Shortly after its planned 8 March launch to the ISS, ESA's Automated Transfer Vehicle will make the first-ever laser-guided docking in space. The vehicle's fully automated docking provides unique challenges to the multi-agency mission operations team at ESA's ATV Control Centre.
"We started from scratch to build the technical interfaces, the ground control systems and the working relationships. The only way to make this work is through cooperation," says Alberto Novelli, Head of Mission Operations at the Automated Transfer Vehicle Control Centre (ATV CC) in Toulouse, France.
Novelli and his team from ESA's Operation directorate are responsible for overseeing the safe operation of Jules Verne, the first ATV to launch to the International Space Station (ISS), now scheduled for 8 March.
"This is a major project for ESA and our industrial partners - it will perform the first fully automated ISS docking and operations are a true trilateral effort, involving ESA, NASA and ROSCOSMOS, the Russian space agency. It's also a first in the ISS programme," said Novelli.
At ATV CC, the central hub of the three-way operations effort, ESA staff and contract engineers are working closely with engineers from CNES - the French space agency - who operate ATV on behalf of ESA.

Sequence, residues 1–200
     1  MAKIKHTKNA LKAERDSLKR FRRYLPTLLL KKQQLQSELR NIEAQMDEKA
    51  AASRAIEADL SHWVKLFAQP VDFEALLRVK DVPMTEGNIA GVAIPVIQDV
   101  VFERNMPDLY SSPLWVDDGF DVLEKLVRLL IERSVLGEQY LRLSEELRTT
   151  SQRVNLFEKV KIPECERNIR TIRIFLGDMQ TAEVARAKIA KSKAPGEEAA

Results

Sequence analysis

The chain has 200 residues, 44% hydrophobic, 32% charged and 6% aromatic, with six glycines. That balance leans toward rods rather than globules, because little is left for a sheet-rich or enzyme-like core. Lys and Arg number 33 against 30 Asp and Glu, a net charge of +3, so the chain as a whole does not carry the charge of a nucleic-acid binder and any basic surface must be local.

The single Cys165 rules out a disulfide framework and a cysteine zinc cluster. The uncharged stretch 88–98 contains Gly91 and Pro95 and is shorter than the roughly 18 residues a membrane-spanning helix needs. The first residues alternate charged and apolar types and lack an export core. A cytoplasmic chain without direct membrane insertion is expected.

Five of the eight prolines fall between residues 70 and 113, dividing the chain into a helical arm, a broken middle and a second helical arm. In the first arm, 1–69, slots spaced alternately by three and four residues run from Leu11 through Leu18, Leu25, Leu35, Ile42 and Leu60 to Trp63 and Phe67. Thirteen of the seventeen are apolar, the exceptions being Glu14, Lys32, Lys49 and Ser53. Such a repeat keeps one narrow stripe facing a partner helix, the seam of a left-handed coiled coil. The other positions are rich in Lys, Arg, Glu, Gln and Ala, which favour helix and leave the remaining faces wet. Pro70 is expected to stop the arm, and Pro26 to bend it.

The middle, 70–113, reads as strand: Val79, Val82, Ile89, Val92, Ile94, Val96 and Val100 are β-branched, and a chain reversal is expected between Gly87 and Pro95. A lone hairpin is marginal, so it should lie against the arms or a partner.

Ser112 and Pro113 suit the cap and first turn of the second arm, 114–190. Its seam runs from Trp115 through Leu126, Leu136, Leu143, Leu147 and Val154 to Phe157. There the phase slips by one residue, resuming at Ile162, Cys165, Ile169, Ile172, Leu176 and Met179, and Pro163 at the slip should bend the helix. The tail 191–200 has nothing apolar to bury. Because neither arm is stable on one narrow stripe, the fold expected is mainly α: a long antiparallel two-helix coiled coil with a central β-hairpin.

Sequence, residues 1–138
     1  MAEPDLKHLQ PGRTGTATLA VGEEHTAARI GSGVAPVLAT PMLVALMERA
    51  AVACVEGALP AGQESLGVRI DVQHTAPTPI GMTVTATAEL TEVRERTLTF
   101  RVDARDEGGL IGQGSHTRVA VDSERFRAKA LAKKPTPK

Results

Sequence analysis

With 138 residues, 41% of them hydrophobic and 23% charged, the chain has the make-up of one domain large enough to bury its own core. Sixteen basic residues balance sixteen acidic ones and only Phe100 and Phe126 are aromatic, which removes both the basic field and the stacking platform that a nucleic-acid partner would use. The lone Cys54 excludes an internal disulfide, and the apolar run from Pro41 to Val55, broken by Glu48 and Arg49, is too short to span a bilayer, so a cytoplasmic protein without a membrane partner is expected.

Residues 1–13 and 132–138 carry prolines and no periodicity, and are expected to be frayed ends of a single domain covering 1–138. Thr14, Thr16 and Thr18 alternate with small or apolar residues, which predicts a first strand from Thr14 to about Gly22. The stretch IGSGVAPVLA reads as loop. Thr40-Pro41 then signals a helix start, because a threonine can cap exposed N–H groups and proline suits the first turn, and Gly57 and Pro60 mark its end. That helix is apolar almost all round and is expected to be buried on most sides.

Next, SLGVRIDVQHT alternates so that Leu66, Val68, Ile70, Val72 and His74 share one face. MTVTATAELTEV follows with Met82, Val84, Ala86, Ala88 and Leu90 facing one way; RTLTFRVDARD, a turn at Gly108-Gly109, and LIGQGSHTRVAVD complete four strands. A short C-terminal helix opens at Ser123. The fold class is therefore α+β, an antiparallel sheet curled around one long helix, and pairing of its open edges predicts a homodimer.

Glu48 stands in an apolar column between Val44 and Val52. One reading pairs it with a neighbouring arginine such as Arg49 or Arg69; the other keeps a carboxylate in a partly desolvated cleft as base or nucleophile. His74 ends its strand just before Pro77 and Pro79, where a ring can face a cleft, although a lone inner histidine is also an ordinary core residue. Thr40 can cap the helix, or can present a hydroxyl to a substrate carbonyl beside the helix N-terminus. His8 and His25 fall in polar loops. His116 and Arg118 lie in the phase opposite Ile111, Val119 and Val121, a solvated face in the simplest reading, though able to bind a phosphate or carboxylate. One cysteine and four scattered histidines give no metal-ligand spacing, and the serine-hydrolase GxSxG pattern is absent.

The ESA team comprises 16 engineers, trainers, mission directors and support personnel working at Toulouse, joined by an additional six specialists who work on background development of ground segment infrastructure.
The team are also supported by resident NASA and ROSCOSMOS representatives, who sit on console with their ESA/CNES colleagues to ensure that the other control centres involved in ATV - NASA's Mission Control Center in Houston and Russia's centre in Moscow - are kept fully 'connected' to ATV operations.
The agencies have also set up an ATV Joint Operations Working Group, a three-way forum at the Flight Director level.
The ESA operations team was put in place at ATV CC starting in 2003, and - together with their colleagues from CNES - the team has spent the past year in a particularly gruelling series of simulations, training sessions and procedure validations, working up to full readiness for 8 March 2008, when ATV is scheduled to be launched on board an Ariane 5 from ESA's Spaceport in Kourou.
In just the past few months, the three control centres (ATV, Houston and Moscow) have completed a demanding series of joint simulations, including four rendezvous (two simulations went all the way to docking), one docking simulation, one undocking and two reboosts (in which the ATV's engine is used to boost the ISS).
Further joint simulations were held on 1 and 8 February.
Source: European Space Agency
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